For all this I considered in my heart even to declare all this, that the righteous, and the wise, and their works…
It was said by a famous man of the world, "Life is a comedy to those who think, a tragedy to those who feel." The epigram is more sparkling than true; reflecting men in every age have been oppressed by the solemnity of life's facts, and the insolubility of life's problems. Some men are roused to inquiry and are beset by perplexities when trouble and adversity befall themselves; and others experience doubts and distress at the contemplation of the broad and obvious facts of human life as it unfolds before their observation. Few men who both think and feel have escaped the probation of doubt; most have striven, and many have striven in vain, to vindicate eternal Providence, and justify the ways of God to men.
I. THE FACT THAT IN THIS EARTHLY STATE THERE IS AN ABSENCE OF COMPLETE RETRIBUTION. "All things come alike to all;" "There is one event unto all." The righteous, the good, and the wise do not seem to meet with more prosperity and greater happiness than the wicked and the foolish. The man who offers due religious observance, and who reveres his oath, is subject to misfortune and calamity equally with the negligent, the impious, the false swearer. No thunderbolt of vengeance smites the sinner, no miraculous protection is round about the upright and obedient. Nay, the righteous is sometimes cut off in the prime of his manhood; the sinner's days are sometimes lengthened, and he dies in a delusive peace.
II. THE DIFFICULTY, DOUBT, AND PERPLEXITY OCCASIONED BY THE OBSERVATION OF THIS FACT. The writer of Ecclesiastes laid to heart and explored the mysteries of Providence; and in this he was not peculiar. Every observant and thoughtful person is sometimes compelled to ask himself whether or not there is a meaning in the events of life, and, if there be a meaning, what it is. Can our reason reconcile these events, as a whole, with belief in the existence, in the government, of a God at once almighty and benevolent? Are there considerations which can pacify the perturbed breast? Beneath the laws of nature is there a Divine heart? or is man alone sensitive to the inequalities of human fate, to the moral contradictions which seem to thrust themselves upon the attention?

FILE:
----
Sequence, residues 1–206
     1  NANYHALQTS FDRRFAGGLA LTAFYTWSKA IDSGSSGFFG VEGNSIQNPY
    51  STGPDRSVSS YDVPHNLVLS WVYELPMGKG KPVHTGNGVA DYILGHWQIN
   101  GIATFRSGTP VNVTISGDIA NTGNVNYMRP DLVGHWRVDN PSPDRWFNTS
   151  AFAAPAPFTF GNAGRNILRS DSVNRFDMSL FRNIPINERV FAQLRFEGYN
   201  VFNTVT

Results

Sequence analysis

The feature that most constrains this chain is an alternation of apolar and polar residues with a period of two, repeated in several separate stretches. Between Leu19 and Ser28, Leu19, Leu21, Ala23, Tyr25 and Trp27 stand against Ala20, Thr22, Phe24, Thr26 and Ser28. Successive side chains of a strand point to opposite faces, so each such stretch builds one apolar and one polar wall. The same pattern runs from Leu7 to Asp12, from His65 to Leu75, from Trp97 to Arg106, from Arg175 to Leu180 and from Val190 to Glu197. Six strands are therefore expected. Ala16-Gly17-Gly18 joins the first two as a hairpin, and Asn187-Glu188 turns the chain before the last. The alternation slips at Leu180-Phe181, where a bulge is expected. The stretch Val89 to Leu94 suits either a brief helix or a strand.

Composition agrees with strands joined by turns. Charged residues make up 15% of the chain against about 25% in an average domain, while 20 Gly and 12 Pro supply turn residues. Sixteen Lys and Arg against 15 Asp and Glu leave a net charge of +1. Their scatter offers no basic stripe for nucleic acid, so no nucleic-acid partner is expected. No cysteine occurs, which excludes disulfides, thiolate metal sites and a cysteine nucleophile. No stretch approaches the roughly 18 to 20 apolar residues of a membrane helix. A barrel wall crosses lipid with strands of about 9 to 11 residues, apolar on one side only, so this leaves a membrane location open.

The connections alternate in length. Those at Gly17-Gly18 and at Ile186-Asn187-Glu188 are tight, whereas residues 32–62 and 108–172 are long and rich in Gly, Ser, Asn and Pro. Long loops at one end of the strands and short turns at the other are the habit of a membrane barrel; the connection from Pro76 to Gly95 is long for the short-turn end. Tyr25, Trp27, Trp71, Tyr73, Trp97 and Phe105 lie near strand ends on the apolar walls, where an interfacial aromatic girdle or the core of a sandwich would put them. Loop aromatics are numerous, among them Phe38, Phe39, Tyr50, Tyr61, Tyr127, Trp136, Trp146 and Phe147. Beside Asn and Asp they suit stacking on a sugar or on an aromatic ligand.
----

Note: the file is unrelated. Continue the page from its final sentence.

III. THE TRUE SOLUTION OF THESE DOUBTS TO BE FOUND IN THE CONVICTION THAT ALL ARE IN THE HAND OF GOD. It is to be observed that faith in God can do what the human understanding cannot effect. Men and their affairs are not in the hand of chance or in the hand of fate, but in the hand of God. And by God is meant not merely the supreme Power of the universe, but the personal Power which is characterized by the attributes Holy Scripture assigns to the Eternal. Wisdom, righteousness, and benevolence belong to God. And by benevolence we are not to understand an intention to secure the enjoyment of men, to ward off from them every pain, all weakness, want, and woe. The purpose of the Divine mind is far higher than this - even the promotion of men's spiritual well-being, the discipline of human character, and especially the perfecting of obedience and submission. Sorrow and disappointment may be, and in the case of the pious will be, the means of bringing men into harmony with the will and character of God himself. - T.
Parallel VersesKJV: For all this I considered in my heart even to declare all this, that the righteous, and the wise, and their works, are in the hand of God: no man knoweth either love or hatred by all that is before them.
WEB: For all this I laid to my heart, even to explore all this: that the righteous, and the wise, and their works, are in the hand of God; whether it is love or hatred, man doesn't know it; all is before them.